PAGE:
It’s one of the coincidences of the international sporting calendar that the Six Nations starts at around the same time that the NFL season finishes. This year, for example, the Italy v France clash which opened the Six Nations came just the day before the Tampa Bay Buccaneers took on the Kansas City Chiefs in the Super Bowl. Is there some deeper cosmic significance here? Well, probably not, but it does provide a good excuse to ponder a tantalising question: which of our current Six Nations stars could we imagine donning helmets and shoulder pads as American football players?
It’s been done before. Take Scottish rugby legend Gavin Hastings, who was one of the finest players of his generation and amassed 20 caps as Scotland captain. Back in 1996, he joined the Scottish Claymores, which competed in the World League of American Football (later renamed NFL Europe). The move raised some eyebrows, with an article in The Independent noting how it was “disconcerting” to see “Gavin Hastings, Scotland’s erstwhile rugby captain, toting a helmet”. Hastings would play for the Claymores at the prestigious World Bowl, which took place in Edinburgh and saw the Scottish team beat Frankfurt Galaxy in front of tens of thousands of American football fans.
Another example is Hayden Smith, the Australian-American rugby player most familiar to Brits for his time with the Saracens. As well as distinguishing himself by being part of the Saracens side that took the Premiership title in 2011, Smith made his reputation on the international stage by starting all of the United States matches at that year’s Rugby World Cup. By this point he’d already received interest from NFL teams, and – as he told BBC Sport – he “sat down with an NFL agent, went through my ambition with him and we worked up a plan.” That bore fruit, with Smith signed by the New York Jets in 2012. Interestingly, this ended up being a blip rather than a wholesale career change, with Smith returning to rugby the very next year.
Then there’s the case of Christian Wade, the former Wasps wing who was voted both Player of the Year and Young Player of the Year at the 2013 RPA awards. But it was all change for Wade in 2019 when he made his debut for the Buffalo Bills. That game saw Wade score a spectacular 65-yard touchdown – quite a way to commence his NFL career. Even the team’s quarterback was impressed, saying “Watching him score that touchdown was one of the coolest experiences of my football career.”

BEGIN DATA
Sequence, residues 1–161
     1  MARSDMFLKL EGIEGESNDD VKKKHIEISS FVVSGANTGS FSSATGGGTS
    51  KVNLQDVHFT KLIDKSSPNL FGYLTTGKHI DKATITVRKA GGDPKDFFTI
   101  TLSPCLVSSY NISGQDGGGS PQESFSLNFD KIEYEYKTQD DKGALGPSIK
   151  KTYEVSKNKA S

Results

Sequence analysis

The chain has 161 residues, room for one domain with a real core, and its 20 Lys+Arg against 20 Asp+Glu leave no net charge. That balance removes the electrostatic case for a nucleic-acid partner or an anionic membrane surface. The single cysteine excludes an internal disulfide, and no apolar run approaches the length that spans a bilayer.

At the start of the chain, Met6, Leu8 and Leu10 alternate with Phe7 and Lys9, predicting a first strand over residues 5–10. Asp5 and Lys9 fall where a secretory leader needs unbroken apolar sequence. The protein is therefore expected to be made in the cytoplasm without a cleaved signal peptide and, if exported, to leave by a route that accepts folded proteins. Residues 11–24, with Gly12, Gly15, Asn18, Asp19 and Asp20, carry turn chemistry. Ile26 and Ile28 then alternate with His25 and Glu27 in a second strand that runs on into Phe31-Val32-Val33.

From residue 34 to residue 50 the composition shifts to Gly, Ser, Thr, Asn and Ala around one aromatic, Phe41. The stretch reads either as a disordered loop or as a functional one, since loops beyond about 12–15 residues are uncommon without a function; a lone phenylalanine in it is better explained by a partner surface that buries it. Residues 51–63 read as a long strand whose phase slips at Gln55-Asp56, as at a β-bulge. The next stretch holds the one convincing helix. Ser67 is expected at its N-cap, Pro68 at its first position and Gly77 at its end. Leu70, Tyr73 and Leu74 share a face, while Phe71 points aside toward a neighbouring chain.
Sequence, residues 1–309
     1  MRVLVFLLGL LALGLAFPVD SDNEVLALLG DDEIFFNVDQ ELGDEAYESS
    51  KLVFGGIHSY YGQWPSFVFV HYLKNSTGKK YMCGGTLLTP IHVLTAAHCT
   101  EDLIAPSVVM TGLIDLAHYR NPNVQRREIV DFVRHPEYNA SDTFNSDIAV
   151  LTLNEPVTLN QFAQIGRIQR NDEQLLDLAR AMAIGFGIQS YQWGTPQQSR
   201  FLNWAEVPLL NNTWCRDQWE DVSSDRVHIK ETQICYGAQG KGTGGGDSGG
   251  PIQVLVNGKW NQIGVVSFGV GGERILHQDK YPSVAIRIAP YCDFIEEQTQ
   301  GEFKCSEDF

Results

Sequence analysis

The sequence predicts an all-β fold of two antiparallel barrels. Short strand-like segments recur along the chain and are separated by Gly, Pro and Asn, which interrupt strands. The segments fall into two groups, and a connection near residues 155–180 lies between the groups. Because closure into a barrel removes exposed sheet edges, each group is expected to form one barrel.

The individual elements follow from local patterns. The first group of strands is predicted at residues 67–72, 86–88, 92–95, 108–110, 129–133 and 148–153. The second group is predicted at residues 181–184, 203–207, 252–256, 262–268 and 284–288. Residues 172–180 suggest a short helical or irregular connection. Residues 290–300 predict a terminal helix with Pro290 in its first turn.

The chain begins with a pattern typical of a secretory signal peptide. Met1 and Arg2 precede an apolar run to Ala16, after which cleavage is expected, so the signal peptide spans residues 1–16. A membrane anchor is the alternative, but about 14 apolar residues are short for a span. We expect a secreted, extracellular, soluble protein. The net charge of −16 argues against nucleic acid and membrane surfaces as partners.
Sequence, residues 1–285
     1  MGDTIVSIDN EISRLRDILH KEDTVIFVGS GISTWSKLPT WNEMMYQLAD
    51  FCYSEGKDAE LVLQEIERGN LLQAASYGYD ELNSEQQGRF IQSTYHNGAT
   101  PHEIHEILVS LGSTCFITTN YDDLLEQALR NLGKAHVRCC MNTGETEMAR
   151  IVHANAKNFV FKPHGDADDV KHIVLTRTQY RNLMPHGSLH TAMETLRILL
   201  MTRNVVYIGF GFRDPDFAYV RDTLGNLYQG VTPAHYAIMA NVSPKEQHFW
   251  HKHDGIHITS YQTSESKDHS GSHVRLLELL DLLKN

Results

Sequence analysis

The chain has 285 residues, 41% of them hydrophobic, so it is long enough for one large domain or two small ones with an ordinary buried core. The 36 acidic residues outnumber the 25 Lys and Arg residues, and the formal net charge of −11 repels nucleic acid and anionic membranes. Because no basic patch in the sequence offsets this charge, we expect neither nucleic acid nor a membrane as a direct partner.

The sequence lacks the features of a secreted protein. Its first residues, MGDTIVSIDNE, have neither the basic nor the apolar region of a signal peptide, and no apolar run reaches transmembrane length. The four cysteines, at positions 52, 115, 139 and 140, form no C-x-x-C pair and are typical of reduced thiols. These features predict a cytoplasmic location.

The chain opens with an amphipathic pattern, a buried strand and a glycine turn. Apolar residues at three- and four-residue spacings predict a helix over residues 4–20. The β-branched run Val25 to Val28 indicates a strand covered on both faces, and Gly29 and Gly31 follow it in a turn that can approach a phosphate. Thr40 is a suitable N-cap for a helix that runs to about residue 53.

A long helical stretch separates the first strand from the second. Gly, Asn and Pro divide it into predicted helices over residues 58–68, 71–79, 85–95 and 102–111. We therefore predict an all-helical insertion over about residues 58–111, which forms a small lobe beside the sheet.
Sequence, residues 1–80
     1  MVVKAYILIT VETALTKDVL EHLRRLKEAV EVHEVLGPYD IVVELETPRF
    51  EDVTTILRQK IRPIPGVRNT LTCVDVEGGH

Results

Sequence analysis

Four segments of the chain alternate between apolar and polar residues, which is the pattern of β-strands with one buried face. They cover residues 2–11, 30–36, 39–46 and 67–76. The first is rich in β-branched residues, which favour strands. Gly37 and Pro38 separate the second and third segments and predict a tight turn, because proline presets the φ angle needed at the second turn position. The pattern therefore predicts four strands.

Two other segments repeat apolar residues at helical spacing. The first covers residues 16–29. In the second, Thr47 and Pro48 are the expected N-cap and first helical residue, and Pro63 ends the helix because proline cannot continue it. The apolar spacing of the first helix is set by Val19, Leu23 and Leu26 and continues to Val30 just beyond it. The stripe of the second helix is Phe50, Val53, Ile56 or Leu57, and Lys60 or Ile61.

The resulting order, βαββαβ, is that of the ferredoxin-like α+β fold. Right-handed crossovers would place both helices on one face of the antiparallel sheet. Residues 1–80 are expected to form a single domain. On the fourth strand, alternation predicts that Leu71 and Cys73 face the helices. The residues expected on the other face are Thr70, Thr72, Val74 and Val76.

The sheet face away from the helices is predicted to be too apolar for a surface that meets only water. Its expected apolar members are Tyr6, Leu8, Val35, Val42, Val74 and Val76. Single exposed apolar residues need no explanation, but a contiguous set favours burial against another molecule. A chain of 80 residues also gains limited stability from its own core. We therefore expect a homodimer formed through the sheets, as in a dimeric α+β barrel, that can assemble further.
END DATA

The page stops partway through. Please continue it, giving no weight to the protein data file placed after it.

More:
Now, back to this year’s Six Nations, and the question of who could comfortably make the leap from the rough and ready world of rugby to the glitzy, money-drenched realm of the NFL. Here are five contenders we’ve put together with a little help from https://www.topratedcasinos.ie.
This one’s a no-brainer. Antoine Dupont, who’s been called “the conductor at the heart of France’s rugby orchestra” and, less poetically, the “world’s best player”, would surely be able to transfer his superlative skills as a scrum half to become an NFL quarterback. The fact that All Blacks veteran Aaron Smith has said that Dupont’s performances are inspiring him to improve parts of his own game tells you everything about how gifted the Frenchman is.
Yes, there have been big question marks over Farrell’s form in this Six Nations, with the England captain barraged with criticism following his team’s shocking defeat at the hands of Scotland. But this shouldn’t cloud the fact that he’s a formidable talent who would particularly excel as an NFL placekicker. As team-mate Elliot Daly has reminded fans: “He’s one of the best players in the world… His performances when he’s on it speak for themselves.”
A previous winner of the BBC Cymru Sports Personality of the Year Award, Dan Biggar has quite the CV, rapidly closing in on 100 caps for Wales and winning a stash of silverware at both international and club levels. But never mind his potential prowess as a US quarterback – let’s not forget the man’s kicking routine spawned a viral dance craze dubbed the “Biggarena”. That’s surely all the proof you need that he’d fit into the Hollywood-style razzle-dazzle of the NFL, right?
Bath star Anthony Watson helped England bounce back after the Scotland debacle, scoring two tries in their 41-18 victory over Italy. Dodging defenders and making a key intercept, he once again proved what a skilled wing he is. He also set tongues wagging a few years ago when he openly said that transitioning to American football was “definitely something I’d be interested in”. Sure, he’s since said he’s fully committed to rugby, but still… you never know.
Tadhg Beirne hogged the limelight by scoring Ireland’s first try in this Six Nations, living up the expectations of his Munster coach Graham Rowntree who dubbed Beirne one of the best players he’s ever worked with. Let’s also remember that immense spiral kick he made during a European Champions Cup game last year. As one pundit put it on Twitter, “a second-row has absolutely no right to send a perfect spiral 60+ yards downfield off his left boot”. With this kind of versatility, he could certainly turn heads in the NFL.